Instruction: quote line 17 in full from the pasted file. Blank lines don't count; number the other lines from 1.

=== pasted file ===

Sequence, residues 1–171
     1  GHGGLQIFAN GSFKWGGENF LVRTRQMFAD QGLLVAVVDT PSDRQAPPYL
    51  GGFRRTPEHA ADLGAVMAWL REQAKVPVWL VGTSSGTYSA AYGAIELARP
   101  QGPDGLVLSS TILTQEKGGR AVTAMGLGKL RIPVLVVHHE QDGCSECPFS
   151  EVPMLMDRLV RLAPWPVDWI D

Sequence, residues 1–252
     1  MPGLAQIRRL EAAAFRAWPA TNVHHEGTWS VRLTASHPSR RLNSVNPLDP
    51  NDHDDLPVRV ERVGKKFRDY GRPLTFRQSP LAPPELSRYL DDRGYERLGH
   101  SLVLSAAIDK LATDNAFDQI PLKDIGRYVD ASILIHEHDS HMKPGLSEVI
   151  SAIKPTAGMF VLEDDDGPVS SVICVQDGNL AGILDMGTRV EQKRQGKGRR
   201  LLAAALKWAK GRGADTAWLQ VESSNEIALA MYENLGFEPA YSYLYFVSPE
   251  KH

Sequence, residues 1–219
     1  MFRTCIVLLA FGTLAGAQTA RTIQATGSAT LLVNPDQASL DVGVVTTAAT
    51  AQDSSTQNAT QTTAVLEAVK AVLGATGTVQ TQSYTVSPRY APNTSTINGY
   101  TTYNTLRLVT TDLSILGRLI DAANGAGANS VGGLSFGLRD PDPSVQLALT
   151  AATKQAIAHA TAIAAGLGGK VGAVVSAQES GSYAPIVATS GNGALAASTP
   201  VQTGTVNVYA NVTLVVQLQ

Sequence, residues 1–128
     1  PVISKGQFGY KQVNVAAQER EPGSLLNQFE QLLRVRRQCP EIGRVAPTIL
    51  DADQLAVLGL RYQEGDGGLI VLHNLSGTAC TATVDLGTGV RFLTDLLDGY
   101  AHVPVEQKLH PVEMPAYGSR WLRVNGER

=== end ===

   151  AATKQAIAHA TAIAAGLGGK VGAVVSAQES GSYAPIVATS GNGALAASTP